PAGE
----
• Kim too

    February 26, 2015 at 12:14 am

    Example #1 also sounds like a very typical ADD response as well. I’m only a year into dealing with my ADD girl (who’s only 8) but oof, those times when I realize I’m raking her over the coals for a response that is right down the ADD alley. (Plus I’m dealing with my own ADD, since it turns out she comes by it legitimately. So you think I would have more understanding, but you know, not lways.) 
    Twice exceptional is  very nice, but I generally use the term double-whammy;-)
    Last thought – Backin the day, I was at a teacher training for gifted instruction, and one of the things the instructor said has stuck with me – regain self-esteemby accomplishing things that we ourselves see as difficult.We need to give our nerdlings chances to get frustrated, to get out of that comfort zone.  But it can be ahardthing todo deliberately.

  • Dana

    February 26, 2015 at 3:37 pm

    The fact that you are dealing with this (or trying!) now is so good!  A lot of bright students don’t hit this issue until college and then the consequences of their not knowing how to study or persevere in the face of difficulty are much greater.  I deal with these students as pre-med students very often.  Good luck!

  • Chris

    February 26, 2015 at 9:58 pm

    I can relate to this post and so many of these comments!

    My twin boys are bright: one in a gifted class since 4th grade, the other a near miss at screening w/ADHD. Neither has had to work hard in regular classes in their early years.  Now in 7th grade, they often still don’t need to work hard – except when they do.  They are also very athletic and coordinated, so sports generally come easy – except when they don’t.  Consequently, we’ve experienced the full range of reactions to challenges they didn’t anticipate!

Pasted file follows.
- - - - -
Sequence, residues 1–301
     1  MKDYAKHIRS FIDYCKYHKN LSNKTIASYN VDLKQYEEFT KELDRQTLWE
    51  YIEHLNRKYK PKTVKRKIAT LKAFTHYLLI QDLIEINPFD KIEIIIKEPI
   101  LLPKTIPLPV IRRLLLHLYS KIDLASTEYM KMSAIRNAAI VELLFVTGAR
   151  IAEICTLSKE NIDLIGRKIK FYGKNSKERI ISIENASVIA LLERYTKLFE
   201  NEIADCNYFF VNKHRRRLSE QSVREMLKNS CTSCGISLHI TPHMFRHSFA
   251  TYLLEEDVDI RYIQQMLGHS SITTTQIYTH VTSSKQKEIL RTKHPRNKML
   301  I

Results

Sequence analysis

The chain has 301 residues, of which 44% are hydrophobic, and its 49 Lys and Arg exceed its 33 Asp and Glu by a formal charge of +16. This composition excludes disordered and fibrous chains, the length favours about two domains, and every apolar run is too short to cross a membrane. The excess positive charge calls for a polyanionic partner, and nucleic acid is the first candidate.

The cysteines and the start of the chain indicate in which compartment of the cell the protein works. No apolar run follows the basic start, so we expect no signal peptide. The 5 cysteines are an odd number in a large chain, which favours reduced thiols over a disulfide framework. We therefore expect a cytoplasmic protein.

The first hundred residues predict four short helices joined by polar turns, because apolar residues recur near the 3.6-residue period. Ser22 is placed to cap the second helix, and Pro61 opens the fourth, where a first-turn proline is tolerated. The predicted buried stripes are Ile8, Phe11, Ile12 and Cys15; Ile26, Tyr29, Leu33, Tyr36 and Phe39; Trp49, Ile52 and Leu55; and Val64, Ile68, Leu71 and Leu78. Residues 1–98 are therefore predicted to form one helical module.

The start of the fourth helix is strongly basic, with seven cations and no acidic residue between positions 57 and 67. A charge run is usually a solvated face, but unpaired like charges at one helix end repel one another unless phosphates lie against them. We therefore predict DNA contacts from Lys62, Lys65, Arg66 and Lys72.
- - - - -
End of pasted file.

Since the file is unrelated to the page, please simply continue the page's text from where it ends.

I’ve never forgotten what one of their Kindergarten teachers said in an email, which I saved:

    “Children who are used to having things come easily can feel frustrated quite quickly when up against a tall challenge.  Children who struggle all the time assume that is the way things are and struggle through hard things.”

    I’ve always been grateful that she shared this wisdom early in their school careers. 

  • Lynn

    March 5, 2015 at 2:48 pm

    Oh wow, you are describing me to a T. Always the smart kid, always the top grades, always the teacher’s pet. Pretty much skated by in school while working moderately hard.

    I had a couple big papers and classes that I still remember from college — either I had trouble and just accepted my “D” because I couldn’t own up to really not understanding the work, or I dropped the class after too many freak outs.

    I still struggle with it. I had to read new-to-me and complicated budget sheets in my job recently. When I didn’t immediately understand them, I was near tears in the budget director’s office. I was super embarrassed, but at least I know now that I have that tendency to shut down if I don’t get something immediately. I will try as hard as I can not to repeat this for my kids.